One of the best things about writing a column which previewed upcoming concerts in Vienna (for the now defunct Ether magazine) was that it encouraged me to investigate musicians who were previously unknown to me. In one or two cases, that research led me to groups of which I am now a confirmed fan and can’t imagine life without them. Okkervil River would be one of those, and another would certainly be Austrian independent outfit Naked Lunch. I’ve raved about their superb soundtrack to the film Universalove here and here, but my original Ether column about the group contained a seed or two which may have led to their becoming an important presence for me. Knowing the group’s turbulent history, which saw one founder member (Georg Trattnig) dying of alcoholism and the other (Oliver Welter) living on the streets for a while, would certainly have contributed to my sense of the anger and desolation that clouds 2004’s aptly titled Songs for the Exhausted, as well as their 2007 masterpiece This Atom Heart of Ours.
It was a real pleasure, then, to catch Oliver Welter in solo acoustic mode at one of Vienna’s smartest venues, the Radiokulturhaus. Limbering up for what will no doubt be a period of extensive Naked Lunch activity (with a new album and tour in the offing), Welter played a solid two hours’ worth of old and new songs, with a sprinkling of cover versions thrown in for good measure. He was in a relaxed and chatty mood, although his between-song patter was all in German and therefore passed me by entirely. The songs themselves, however, are sung in English. One might hazard a guess that this is being done for commercial reasons, were it not for the fact that Welter’s whole approach seems as unmediated by commerce as that of Peter Hammill (of whom, a reliable source informs me, Welter is something of a fan). Despite the group’s profile having increased as a result of Universalove’s acclaimed presence on the international film festival circuit, I get the feeling that their strong Austrian and German fanbase is likely to remain the bedrock of their following.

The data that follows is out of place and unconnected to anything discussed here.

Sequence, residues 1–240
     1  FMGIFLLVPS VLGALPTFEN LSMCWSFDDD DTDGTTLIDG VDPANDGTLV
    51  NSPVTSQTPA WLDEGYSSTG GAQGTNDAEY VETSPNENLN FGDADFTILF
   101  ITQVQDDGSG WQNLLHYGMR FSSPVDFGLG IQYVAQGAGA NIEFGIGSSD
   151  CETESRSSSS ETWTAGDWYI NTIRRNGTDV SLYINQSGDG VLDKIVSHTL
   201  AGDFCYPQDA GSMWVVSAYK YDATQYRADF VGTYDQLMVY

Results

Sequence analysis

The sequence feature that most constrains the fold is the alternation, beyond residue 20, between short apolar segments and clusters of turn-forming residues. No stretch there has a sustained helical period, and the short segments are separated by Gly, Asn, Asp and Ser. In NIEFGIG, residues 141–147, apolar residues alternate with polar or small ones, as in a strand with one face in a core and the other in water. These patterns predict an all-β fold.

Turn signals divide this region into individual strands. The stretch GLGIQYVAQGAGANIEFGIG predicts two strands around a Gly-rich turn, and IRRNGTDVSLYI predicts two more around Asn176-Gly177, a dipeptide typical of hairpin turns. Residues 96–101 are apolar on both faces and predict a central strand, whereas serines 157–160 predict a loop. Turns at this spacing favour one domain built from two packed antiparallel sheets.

In any case, it seems to me that the lyrics being written and sung in a language that is not the singer-writer’s own lends Naked Lunch’s songs a sense of alienation coloured by optimism, even a certain naïveté. This hunger for redemption from estrangement is shored up in turn by Welter’s voice, which sounds like that of a battered but resilient angel. Stripped down to skeletal acoustic versions, the songs emerge as haunted, uncertain reveries: a wedding day is a funeral, a fleeting encounter with a girl who was “so sad, so beautifully sad” is anatomized in unsparing detail. A new song, “The Sun”, meanwhile, was delivered with immense rhetorical power, Welter’s sense of relief at having successfully navigated its treacherous waters evident in the way he triumphantly punched the air at the song’s end.
The audience were held rapt throughout, and refused to let Welter leave. Much to his credit he was generous with the encores, winding up with a song sung in Spanish, no less (from the soundtrack to The Wild Bunch, if I understood correctly). Despite the shift of language, its tender fragility was entirely of a piece with what had gone before – an emotionally unsparing performance from this self-effacing but vastly talented musician.